See, that’s the funny thing about death. Death is not natural. When God created our world, death wasn’t a part of His equation. That snuck in on the coattails of sin. One of my seminary professors put it this way in class once: “Death is as much a natural part of life as a knife is a natural part of your leg. A knife to the leg hurts because it doesn’t belong there. And that’s why death hurts so much too.”

And really, when you take a close look at what the New Testament says about death and the life thereafter, very little is said about heaven. Yes, Jesus did promise the repentant thief that “today, you will be with me in paradise.” But when He was comforting Martha after her brother died, He didn’t point to heaven. He pointed to the resurrection and how that unwinding of death’s power was at hand. Paul does the same thing when he comforts the grieving Thessalonians. He doesn’t tell them, “Hey, yeah, your friends died, but at least they’re in heaven, right?” No, he says, “Yes, your friends died, but death will not be able to keep them. They will rise when Jesus returns.”

Maybe that’s why I like Pushing Daisies so much. The Piemaker’s touch is just a glimmer of a greater reality to come.



John W. Otte leads a double life. By day, he’s a Lutheran minister, husband, and father of two. He graduated from Concordia University in St. Paul, Minnesota, with a theatre major, and then from Concordia Seminary in St. Louis, Missouri. By night, he writes unusual stories of geeky grace. He lives in Blue Springs, Missouri, with his wife and two boys. Keep up with him at JohnWOtte.com.

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Bethany A. Jennings

I love this!  This makes me want to watch Pushing Daisies.  I love the quote about the knife in the leg also – too funny.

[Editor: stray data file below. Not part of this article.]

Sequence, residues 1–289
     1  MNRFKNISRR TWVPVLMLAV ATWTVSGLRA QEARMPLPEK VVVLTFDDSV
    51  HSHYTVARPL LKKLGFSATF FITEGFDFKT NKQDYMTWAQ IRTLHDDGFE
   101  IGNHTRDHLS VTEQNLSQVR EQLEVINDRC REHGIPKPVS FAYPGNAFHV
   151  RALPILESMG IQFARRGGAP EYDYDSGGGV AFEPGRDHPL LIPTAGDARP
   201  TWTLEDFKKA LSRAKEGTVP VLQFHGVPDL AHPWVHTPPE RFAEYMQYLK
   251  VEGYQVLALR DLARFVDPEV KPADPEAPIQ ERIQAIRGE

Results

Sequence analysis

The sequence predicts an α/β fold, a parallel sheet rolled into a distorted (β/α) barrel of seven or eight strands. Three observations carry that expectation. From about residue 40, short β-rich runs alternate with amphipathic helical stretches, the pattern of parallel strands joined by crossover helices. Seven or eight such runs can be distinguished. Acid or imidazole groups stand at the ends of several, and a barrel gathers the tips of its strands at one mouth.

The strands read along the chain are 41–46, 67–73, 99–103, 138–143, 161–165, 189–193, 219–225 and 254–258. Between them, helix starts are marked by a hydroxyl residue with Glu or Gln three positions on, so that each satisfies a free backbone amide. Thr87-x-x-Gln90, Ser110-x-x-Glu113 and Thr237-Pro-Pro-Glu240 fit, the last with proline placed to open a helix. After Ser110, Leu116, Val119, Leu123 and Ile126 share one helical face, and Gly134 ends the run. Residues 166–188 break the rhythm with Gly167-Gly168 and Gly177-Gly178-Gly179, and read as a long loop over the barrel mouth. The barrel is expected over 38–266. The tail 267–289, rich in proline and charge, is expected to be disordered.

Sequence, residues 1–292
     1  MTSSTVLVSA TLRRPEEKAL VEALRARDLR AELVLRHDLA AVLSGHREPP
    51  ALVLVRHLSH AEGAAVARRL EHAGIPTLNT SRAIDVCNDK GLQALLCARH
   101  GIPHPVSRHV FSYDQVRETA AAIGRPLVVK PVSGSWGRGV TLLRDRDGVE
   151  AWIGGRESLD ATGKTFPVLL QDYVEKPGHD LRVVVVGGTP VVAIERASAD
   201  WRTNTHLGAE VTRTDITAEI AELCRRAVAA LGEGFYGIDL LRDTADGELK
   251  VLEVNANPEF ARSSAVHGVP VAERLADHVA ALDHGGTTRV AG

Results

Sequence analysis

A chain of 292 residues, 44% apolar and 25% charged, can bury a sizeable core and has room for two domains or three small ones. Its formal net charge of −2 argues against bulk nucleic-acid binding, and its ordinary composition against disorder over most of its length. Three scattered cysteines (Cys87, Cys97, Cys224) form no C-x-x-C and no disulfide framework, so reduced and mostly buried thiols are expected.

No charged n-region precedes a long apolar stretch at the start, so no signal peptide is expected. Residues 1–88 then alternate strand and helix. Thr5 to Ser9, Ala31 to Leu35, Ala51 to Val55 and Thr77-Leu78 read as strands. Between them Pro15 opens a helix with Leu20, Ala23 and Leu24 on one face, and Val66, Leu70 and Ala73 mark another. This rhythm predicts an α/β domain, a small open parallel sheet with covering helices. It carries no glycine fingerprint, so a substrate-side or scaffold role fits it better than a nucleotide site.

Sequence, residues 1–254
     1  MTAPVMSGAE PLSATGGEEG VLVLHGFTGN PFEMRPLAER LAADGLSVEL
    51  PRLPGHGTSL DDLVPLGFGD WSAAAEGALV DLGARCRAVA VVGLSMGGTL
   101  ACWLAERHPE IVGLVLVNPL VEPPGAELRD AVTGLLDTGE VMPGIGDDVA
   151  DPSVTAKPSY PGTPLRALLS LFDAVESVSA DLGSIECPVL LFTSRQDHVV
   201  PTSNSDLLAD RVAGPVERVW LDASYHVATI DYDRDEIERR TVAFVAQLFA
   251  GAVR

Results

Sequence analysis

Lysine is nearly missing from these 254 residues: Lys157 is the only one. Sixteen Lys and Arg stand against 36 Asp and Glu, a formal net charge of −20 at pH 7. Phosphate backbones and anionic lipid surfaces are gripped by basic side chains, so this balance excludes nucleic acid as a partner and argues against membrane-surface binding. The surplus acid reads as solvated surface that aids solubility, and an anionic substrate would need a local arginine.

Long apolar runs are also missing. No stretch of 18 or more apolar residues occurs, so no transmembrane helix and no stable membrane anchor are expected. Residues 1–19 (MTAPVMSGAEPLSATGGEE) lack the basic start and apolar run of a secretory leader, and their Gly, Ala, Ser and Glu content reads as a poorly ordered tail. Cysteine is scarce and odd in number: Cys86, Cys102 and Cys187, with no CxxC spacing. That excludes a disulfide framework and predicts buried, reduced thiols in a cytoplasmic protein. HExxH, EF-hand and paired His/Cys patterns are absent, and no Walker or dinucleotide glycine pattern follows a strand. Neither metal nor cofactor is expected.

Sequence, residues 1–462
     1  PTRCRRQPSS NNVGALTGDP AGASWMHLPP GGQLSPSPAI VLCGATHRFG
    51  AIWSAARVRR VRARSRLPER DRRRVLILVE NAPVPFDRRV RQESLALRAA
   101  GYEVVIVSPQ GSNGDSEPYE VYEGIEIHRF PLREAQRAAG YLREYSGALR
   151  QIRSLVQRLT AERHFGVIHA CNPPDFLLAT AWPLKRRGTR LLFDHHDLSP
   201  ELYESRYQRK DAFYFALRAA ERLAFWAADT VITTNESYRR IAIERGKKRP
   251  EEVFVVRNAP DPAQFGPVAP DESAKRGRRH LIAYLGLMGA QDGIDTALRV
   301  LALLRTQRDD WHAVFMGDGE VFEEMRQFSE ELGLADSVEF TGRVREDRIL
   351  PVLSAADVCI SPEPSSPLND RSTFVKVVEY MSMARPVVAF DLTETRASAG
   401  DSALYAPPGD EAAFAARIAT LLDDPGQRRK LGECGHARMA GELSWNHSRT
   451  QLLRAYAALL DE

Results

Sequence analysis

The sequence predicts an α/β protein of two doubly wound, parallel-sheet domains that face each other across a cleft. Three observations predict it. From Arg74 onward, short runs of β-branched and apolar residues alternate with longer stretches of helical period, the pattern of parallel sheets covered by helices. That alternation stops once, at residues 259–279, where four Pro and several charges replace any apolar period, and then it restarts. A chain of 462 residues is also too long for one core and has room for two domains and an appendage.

I actually have a scene planned for my book in which one of the side characters rants about death and how, “We know it’s going to happen to everyone someday, so why does it feel so wrong?  Why does it feel like they should still be here, and when they’re with us they feel like they *will* always be here?” etc.


This is a fascinating idea, one I’d never thought about before. You’re right, our culture has tried so desperately to normalize death when, in reality, it’s not normal. Thanks for helping me see this issue in a new light.

Yvonne Anderson

Well, I have to disagree — not with the essence of what you’re saying, but with the expression of it. Death IS natural — the natural consequence of sin; and it’s absolutely normal, because, since sin entered the world, it happens to every living thing. Death is NOT, however, a part of God’s original perfect creation. It’s a temporary reality. It’s real and inescapable, something that happens predictably. But it’s temporary, because He’s vanquished it through the resurrection. Christ has taken the sting out of death, but it’s still very real in our present world.

Nit-picking aside, I wholeheartedly agree with your main point here. Christ-followers don’t cross the finish line only to float around on a cloud playing a harp. We have SO much more to look forward to than that!

Steve Taylor
Steve Taylor

You think a show created in 2007 is “old”?  I Love Lucy is old.

You kids crack me up.


Julie D

I finally finished that show a few months ago and thank you for this post. I’ve seen it described as “Disney  for adults,” and it fits in the best possible sense. Out of all the shows I follow, the movies I watch, it’s the one that has the most consistently positive attitude about life–which is saying something, since there’s at least one dead body per episode.

J A Busick

Nicely said. I hate the whole “We shouldn’t cry at funerals because think how happy our loved one is now!” schtick. Cry. Rage. The Bible says that death is the enemy — the last enemy that will be defeated. There’s no harm in admitting that.